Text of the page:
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Year : 2015  |  Volume : 11  |  Issue : 4  |  Page : 1028

Calcification in transitional cell carcinoma of urinary bladder: Does it have any implication on calcium metabolism and its management?

Department of Urology, Institute of Kidney Disease and Research Centre, Institute of Transplant Sciences, Ahmedabad, Gujrat, India

Date of Web Publication15-Feb-2016

Correspondence Address:
Suresh Kumar
Department of Urology, Institute of Kidney Disease and Research Centre, Institute of Transplant Sciences, Civil Hospital Campus, Asarwa, Ahmedabad - 380 016, Gujarat
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Source of Support: None, Conflict of Interest: None

DOI: 10.4103/0973-1482.153659

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 > Abstract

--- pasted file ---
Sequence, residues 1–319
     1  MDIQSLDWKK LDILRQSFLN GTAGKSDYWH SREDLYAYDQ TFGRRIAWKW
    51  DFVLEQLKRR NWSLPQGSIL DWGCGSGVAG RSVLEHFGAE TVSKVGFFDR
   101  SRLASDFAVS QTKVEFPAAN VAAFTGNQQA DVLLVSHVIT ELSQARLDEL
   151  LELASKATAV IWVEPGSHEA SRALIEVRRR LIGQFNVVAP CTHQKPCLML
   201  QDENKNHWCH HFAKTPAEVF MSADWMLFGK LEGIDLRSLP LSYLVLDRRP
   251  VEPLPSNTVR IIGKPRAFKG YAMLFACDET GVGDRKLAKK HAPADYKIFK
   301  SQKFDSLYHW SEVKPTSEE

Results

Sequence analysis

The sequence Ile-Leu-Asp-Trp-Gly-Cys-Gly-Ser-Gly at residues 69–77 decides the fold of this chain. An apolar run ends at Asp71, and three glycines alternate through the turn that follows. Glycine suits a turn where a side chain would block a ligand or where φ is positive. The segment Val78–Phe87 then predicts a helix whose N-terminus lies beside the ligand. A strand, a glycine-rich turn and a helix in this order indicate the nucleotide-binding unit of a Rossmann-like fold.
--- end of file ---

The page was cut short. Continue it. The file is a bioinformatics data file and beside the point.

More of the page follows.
Although transitional cell carcinoma (TCC) is most common histological subtype, calcification in TCC is rarely seen. We report a 64-year-old gentleman who on evaluation found to have calcification in TCC of urinary bladder and its implication on calcium metabolism and management.

Keywords: Calcification, calcium metabolism, transitional cell carcinoma, urinary bladder

How to cite this article:
Kumar S, Modi PR, Pal BC, Modi J. Calcification in transitional cell carcinoma of urinary bladder: Does it have any implication on calcium metabolism and its management?. J Can Res Ther 2015;11:1028

How to cite this URL:
Kumar S, Modi PR, Pal BC, Modi J. Calcification in transitional cell carcinoma of urinary bladder: Does it have any implication on calcium metabolism and its management?. J Can Res Ther [serial online] 2015 [cited 2021 Jan 19];11:1028. Available from: https://www.cancerjournal.net/text.asp?2015/11/4/1028/153659

 > Introduction Top

Calcification in urinary bladder carcinoma is uncommon. Different types-nodular, arched, nodular and arched, multiple fine punctuate, and plaque-like massive calcifications have been described in the literature. These may be located on the surface or scattered within the mass. Location and pattern of calcification may suggest the pathological subtype.

 > Case report Top